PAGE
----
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Best Famous Thanksgiving Poems

Here is a collection of the all-time best famous Thanksgiving poems. This is a select list of the best famous Thanksgiving poetry. Reading, writing, and enjoying famous Thanksgiving poetry (as well as classical and contemporary poems) is a great past time. These top poems are the best examples of thanksgiving poems.

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Written by John Greenleaf Whittier | |

The Pipes At Lucknow

 Pipes of the misty moorlands,
Voice of the glens and hills;
The droning of the torrents,
The treble of the rills!
Not the braes of bloom and heather,
Nor the mountains dark with rain,
Nor maiden bower, nor border tower,
Have heard your sweetest strain!

Dear to the Lowland reaper,
And plaided mountaineer, -
To the cottage and the castle
The Scottish pipes are dear; -
Sweet sounds the ancient pibroch
O'er mountain, loch, and glade;
But the sweetest of all music
The pipes at Lucknow played.
Day by day the Indian tiger Louder yelled, and nearer crept; Round and round the jungle-serpent Near and nearer circles swept.
'Pray for rescue, wives and mothers, - Pray to-day!' the soldier said; 'To-morrow, death's between us And the wrong and shame we dread.
' Oh, they listened, looked, and waited, Till their hope became despair; And the sobs of low bewailing Filled the pauses of their prayer.
Then up spake a Scottish maiden.
With her ear unto the ground: 'Dinna ye hear it? - dinna ye hear it? The pipes o' Havelock sound!' Hushed the wounded man his groaning; Hushed the wife her little ones; Alone they heard the drum-roll And the roar of Sepoy guns.
But to sounds of home and childhood The Highland ear was true; - As her mother's cradle-crooning The mountain pipes she knew.
Like the march of soundless music Through the vision of the seer, More of feeling than of hearing, Of the heart than of the ear, She knew the droning pibroch, She knew the Campbell's call: 'Hark! hear ye no MacGregor's, The grandest o' them all!' Oh, they listened, dumb and breathless, And they caught the sound at last; Faint and far beyond the Goomtee Rose and fell the piper's blast! Then a burst of wild thanksgiving Mingled woman's voice and man's; 'God be praised! - the march of Havelock! The piping of the clans!' Louder, nearer, fierce as vengeance, Sharp and shrill as swords at strife, Came the wild MacGregor's clan-call, Stinging all the air to life.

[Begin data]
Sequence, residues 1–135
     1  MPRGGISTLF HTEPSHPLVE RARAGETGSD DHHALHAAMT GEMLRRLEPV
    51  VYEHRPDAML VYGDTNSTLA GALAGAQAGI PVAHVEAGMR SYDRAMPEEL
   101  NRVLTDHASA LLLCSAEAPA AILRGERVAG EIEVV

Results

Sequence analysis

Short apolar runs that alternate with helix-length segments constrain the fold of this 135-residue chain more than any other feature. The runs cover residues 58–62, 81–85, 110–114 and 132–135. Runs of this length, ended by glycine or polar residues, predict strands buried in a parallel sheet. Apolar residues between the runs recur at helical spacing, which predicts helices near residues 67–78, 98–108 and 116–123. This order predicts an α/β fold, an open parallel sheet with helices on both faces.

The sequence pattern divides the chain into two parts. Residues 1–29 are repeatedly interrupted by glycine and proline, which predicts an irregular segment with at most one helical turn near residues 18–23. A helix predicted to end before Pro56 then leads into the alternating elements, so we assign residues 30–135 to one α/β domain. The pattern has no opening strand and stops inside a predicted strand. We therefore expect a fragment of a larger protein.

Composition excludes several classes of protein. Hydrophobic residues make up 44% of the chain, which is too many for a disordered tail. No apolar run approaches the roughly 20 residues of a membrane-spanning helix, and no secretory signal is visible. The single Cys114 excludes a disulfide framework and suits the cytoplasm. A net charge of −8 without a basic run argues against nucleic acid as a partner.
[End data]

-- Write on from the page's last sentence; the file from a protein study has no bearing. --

But when the far-off dust-cloud To plaided legions grew, Full tenderly and blithesomely The pipes of rescue blew! Round the silver domes of Lucknow.
Moslem mosque and Pagan shrine, Breathed the air to Britons dearest, The air of Auld Lang Syne.
O'er the cruel roll of war-drums Rose that sweet and homelike strain; And the tartan clove the turban, As the Goomtee cleaves the plain.
Dear to the corn-land reaper And plaided mountaineer, - To the cottage and the castle The piper's song is dear.
Sweet sounds the Gaelic pibroch O'er mountain, glen, and glade; But the sweetest of all music The pipes at Lucknow played!


Written by John Greenleaf Whittier | |

The Pumpkin

 Oh, greenly and fair in the lands of the sun,
The vines of the gourd and the rich melon run,
And the rock and the tree and the cottage enfold,
With broad leaves all greenness and blossoms all gold,
Like that which o'er Nineveh's prophet once grew,
While he waited to know that his warning was true,
And longed for the storm-cloud, and listened in vain
For the rush of the whirlwind and red fire-rain.
On the banks of the Xenil the dark Spanish maiden Comes up with the fruit of the tangled vine laden; And the Creole of Cuba laughs out to behold Through orange-leaves shining the broad spheres of gold; Yet with dearer delight from his home in the North, On the fields of his harvest the Yankee looks forth, Where crook-necks are coiling and yellow fruit shines, And the sun of September melts down on his vines.
Ah! on Thanksgiving day, when from East and from West, From North and from South comes the pilgrim and guest; When the gray-haired New Englander sees round his board The old broken links of affection restored; When the care-wearied man seeks his mother once more, And the worn matron smiles where the girl smiled before; What moistens the lip and what brightens the eye, What calls back the past, like the rich Pumpkin pie? Oh, fruit loved of boyhood! the old days recalling, When wood-grapes were purpling and brown nuts were falling! When wild, ugly faces we carved in its skin, Glaring out through the dark with a candle within! When we laughed round the corn-heap, with hearts all in tune, Our chair a broad pumpkin, -- our lantern the moon, Telling tales of the fairy who travelled like steam In a pumpkin-shell coach, with two rats for her team! Then thanks for thy present! none sweeter or better E'er smoked from an oven or circled a platter! Fairer hands never wrought at a pastry more fine, Brighter eyes never watched o'er its baking, than thine! And the prayer, which my mouth is too full to express, Swells my heart that thy shadow may never be less, That the days of thy lot may be lengthened below, And the fame of thy worth like a pumpkin-vine grow, And thy life be as sweet, and its last sunset sky Golden-tinted and fair as thy own Pumpkin pie!